It’s not simple to get out of debt. Keeping up with monthly bills and saving for a rainy day, much alone paying the minimum monthly payments on your credit card, can be difficult at times. 

Countless people are grappling with debt as a result of the pandemic’s persistent knock-on effect. However, no debt situation is intractable. There may not be an easy or quick solution, but there is always a way out. Here are 4 strategies to help you get out of debt.


First things first, when it feels like you’re labouring under the weight of several debts, you might find you blame yourself for the situation, and accept any charges levelled against you as fact and verbatim.

But it’s crucial to ask yourself; is everything in your account accurate and legal? There are plenty of examples of banks mis-selling products, such as PPI, and charging unfair fees and add ons. Check if everything you owe is genuine, and if you can reclaim any of these extras. 


Don’t be shy to spend some of your savings to pay off loans with high-interest rates. Using cash reserves to pay off debt is a good move because it prevents interest from accruing on big balances. 

However much having some extra cash in your bank account may feel comforting, the truth is that those pounds aren’t working for you, especially with today’s record-low interest rates. Better to pay off debts that are costing you even more than you owe.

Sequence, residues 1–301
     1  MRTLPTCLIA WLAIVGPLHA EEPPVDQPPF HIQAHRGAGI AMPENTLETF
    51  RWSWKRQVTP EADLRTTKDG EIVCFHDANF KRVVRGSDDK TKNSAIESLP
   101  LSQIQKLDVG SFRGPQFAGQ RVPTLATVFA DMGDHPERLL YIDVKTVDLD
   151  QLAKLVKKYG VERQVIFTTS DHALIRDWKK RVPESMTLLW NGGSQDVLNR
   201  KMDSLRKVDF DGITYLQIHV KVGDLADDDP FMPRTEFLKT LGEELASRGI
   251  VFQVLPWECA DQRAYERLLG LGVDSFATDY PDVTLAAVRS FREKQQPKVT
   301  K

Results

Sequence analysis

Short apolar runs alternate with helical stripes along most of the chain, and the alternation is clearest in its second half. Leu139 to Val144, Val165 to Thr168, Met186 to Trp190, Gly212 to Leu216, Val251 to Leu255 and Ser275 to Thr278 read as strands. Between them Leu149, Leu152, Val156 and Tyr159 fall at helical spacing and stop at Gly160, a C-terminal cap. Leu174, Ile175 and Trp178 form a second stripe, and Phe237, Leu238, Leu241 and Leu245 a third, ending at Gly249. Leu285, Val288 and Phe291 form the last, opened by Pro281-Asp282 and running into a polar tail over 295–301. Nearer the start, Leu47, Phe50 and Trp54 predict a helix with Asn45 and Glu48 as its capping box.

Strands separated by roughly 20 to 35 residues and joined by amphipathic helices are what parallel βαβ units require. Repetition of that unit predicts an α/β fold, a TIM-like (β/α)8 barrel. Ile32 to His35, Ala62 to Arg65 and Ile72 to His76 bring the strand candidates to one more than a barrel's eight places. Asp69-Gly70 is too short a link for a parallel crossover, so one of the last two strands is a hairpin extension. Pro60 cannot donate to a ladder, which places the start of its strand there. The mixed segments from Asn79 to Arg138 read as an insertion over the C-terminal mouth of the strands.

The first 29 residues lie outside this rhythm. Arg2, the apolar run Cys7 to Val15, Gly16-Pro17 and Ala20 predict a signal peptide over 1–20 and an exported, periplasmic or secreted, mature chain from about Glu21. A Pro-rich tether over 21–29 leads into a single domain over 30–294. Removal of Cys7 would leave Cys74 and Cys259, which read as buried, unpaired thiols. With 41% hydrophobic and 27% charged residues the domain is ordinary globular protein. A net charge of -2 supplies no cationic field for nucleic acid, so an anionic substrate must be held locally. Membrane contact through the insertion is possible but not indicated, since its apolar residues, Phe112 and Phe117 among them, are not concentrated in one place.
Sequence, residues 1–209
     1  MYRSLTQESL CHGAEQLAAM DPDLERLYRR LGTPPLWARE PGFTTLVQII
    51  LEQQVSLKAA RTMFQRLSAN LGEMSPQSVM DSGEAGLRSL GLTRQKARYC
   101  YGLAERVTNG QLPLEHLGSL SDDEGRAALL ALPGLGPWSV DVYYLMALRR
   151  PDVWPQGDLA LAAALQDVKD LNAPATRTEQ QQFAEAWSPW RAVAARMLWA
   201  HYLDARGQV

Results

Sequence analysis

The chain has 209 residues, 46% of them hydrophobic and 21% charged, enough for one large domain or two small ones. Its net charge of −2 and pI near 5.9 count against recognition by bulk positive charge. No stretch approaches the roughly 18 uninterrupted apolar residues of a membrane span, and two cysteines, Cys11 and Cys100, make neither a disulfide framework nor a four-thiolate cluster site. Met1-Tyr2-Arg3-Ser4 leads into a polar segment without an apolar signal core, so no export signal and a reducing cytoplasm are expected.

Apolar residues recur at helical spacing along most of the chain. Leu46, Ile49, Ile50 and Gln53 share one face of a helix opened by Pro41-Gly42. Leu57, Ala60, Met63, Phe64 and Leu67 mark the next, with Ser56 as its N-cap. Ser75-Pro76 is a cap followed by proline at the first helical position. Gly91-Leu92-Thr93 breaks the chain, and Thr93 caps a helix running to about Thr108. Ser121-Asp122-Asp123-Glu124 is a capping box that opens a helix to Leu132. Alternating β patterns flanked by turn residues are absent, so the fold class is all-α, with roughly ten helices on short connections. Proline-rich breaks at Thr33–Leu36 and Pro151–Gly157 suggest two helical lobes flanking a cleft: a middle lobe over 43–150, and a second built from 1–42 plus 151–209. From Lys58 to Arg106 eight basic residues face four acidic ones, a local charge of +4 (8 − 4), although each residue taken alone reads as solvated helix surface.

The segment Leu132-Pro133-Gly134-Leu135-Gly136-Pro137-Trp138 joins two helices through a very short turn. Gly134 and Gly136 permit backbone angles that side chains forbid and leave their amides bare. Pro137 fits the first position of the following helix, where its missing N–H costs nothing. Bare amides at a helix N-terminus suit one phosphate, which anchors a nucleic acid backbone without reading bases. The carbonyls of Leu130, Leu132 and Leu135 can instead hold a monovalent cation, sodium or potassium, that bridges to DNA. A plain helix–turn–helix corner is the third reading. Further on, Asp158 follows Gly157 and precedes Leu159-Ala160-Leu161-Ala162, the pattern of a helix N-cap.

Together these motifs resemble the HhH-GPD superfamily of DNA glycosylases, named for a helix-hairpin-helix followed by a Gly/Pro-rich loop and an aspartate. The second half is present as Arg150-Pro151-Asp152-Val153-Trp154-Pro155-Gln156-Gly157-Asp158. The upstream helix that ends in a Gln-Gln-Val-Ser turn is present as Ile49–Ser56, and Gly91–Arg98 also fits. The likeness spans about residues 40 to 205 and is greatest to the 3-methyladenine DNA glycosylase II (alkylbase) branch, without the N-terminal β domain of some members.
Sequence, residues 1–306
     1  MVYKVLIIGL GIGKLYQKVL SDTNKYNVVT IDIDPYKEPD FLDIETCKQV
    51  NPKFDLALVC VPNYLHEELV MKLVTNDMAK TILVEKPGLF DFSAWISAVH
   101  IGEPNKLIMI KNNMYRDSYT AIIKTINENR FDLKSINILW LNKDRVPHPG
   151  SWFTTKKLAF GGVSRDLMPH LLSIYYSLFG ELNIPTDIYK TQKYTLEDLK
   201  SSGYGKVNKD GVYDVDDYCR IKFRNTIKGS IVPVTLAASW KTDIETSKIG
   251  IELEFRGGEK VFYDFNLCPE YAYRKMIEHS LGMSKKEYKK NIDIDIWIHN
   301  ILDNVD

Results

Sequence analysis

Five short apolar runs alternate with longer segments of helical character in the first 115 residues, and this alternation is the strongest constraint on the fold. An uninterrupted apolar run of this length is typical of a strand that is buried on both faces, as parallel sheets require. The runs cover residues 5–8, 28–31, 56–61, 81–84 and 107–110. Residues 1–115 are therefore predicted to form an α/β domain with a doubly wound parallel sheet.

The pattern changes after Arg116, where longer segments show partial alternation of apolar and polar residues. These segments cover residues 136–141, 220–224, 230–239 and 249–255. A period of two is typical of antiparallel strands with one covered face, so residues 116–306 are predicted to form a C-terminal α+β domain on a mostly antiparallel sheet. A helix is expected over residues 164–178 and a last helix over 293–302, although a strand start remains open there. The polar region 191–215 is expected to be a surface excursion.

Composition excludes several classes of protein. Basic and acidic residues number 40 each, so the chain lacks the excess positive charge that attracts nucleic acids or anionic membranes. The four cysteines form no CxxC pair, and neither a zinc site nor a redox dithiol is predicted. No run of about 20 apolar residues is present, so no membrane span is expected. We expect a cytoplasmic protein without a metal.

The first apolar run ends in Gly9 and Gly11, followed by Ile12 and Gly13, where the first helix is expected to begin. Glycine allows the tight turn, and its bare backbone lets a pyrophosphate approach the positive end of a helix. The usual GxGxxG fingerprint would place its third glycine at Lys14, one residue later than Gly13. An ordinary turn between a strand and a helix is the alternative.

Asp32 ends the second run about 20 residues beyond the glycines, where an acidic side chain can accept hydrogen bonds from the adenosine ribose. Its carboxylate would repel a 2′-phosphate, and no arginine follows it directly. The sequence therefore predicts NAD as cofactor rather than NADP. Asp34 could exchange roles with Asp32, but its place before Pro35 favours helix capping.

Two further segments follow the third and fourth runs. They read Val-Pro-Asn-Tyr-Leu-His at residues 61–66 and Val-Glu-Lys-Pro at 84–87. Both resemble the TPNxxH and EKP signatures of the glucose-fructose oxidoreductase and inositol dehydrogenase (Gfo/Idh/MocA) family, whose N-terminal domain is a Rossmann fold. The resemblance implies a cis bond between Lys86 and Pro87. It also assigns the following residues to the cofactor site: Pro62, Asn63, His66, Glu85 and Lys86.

Doing so will help you maintain a better credit score, too, which will be useful in the long run when you’re looking to make larger purchases with more favourable terms.

Read: 8 reasons to look after your credit score


Make a call to your creditors to see if you can get a reduced interest rate as some creditors will be ready to lower your interest rate based on your payment history and account status, if your circumstances have changed for the better and as long as you’re in full time employment.

As the guys at Protected Trust Deed Scotland tell us, such an arrangement is ”most useful for people who are in debt but have access to a regular income that can be put towards the money they owe”.


While it may be easy to spend any tax rebate you receive on a high-ticket item or a trip, it would be a wiser financial move to pay off part, or all, of your debt. Consider the advantages of a single lump sum debt payoff method in terms of lowering your monthly payments. 

Instead of enjoying the short-term delight of purchase, you’ll reap the benefits of a lower debt load for the rest of the year and for years to come.


To speak to someone for help, there are several debt advice charities operating in the UK right now who can give you free, non-judgmental guidance on your financial situation.

You can access free, personalised advice over the phone at:

  • National Debtline – 0808 808 40 00
  • StepChange – 0800 138 11 11
  • Debt Advice Foundation – 0800 622 61 51
  • PayPlan – 0800 280 2816
  • Money Advice Service – please use their website for contact details

These charities all have online help, too. Also, check out these 6 simple hacks to save money each month for more advice!

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